Finding a Workable Balance Between Investor Protection and the Public Interest in the Trans-Pacific Partnership
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AbstractThis chapter discusses the apparent isolation of investment rules from mid-20th-century efforts to embed international economic rules within the overall social context of the ‘New Deal’ in the United States and the British welfare state. Whilst embedded liberalism may have found its way subsequently into modern bilateral investment treaties (BITs) through the United States’ ‘friendship, commerce and navigation’ (FCN) treaties forged during the New Deal era, this did not halt the growth of more pro-investor treaties. An eventual global backlash against investment treaties and investment arbitration formed the background against which TPP emerged. TPP’s framers delegated significant aspects of the task of striking an appropriate balance between host state rights and investor rights to investment tribunals. This chapter explains how such delegation works in the application of TPP’s contingent standards of protection, fair and equitable treatment standard and rule against expropriation. It explains TPP’s legal-philosophical contribution to future treaty design, and its relevance to global reform of investment arbitration.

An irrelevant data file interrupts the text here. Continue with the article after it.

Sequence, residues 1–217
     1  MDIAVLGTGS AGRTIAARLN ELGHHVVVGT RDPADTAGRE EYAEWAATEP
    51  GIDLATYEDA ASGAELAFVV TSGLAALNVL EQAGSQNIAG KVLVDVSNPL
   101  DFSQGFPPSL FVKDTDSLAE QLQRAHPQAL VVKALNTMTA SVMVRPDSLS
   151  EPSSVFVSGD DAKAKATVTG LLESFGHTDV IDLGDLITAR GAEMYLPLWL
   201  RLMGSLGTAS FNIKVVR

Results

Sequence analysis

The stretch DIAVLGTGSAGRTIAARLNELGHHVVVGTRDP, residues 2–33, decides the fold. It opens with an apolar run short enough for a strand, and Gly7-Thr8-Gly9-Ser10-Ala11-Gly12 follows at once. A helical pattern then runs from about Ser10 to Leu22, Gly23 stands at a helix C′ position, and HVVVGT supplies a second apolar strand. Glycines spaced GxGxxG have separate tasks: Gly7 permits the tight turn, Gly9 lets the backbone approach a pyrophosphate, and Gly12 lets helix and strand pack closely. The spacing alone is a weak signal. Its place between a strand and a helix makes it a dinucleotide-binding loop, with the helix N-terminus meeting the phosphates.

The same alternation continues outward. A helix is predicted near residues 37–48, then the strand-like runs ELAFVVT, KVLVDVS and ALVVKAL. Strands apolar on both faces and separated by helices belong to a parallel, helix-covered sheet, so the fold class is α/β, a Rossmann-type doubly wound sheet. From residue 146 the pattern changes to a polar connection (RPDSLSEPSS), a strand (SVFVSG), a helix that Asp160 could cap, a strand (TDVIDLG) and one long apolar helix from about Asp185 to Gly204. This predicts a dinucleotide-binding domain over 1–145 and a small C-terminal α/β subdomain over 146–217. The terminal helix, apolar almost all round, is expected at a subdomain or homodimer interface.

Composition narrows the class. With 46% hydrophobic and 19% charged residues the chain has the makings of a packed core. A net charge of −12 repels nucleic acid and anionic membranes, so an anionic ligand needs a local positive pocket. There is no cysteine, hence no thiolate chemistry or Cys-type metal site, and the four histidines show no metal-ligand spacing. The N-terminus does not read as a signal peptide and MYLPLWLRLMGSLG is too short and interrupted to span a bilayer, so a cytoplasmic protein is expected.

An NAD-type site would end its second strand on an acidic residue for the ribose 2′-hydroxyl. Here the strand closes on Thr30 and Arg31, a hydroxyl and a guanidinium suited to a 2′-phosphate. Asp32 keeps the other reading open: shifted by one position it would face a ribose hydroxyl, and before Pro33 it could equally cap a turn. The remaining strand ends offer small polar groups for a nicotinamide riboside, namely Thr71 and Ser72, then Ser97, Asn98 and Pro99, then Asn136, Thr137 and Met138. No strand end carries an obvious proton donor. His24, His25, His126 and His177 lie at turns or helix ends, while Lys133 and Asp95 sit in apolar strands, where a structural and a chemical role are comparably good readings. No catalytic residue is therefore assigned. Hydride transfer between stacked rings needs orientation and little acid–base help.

All Author(s) ListC. L. Lim
All Editor(s) ListBenedict Kingsbury, David M. Malone, Paul Mertenskötter, Richard B. Stewart, Thomas Streinz, Atsushi Sunami
Book titleMegaregulation Contested: Global Economic Ordering After TPP
PublisherOxford University Press
Place of PublicationNew York
Pages551 - 571
LanguagesEnglish-United States
Keywordsinvestment arbitration, ISDS reform, BITs, treaty rebalancing, TPP, CPTPP, embedded liberalism, trade

Last updated on 2020-23-10 at 01:09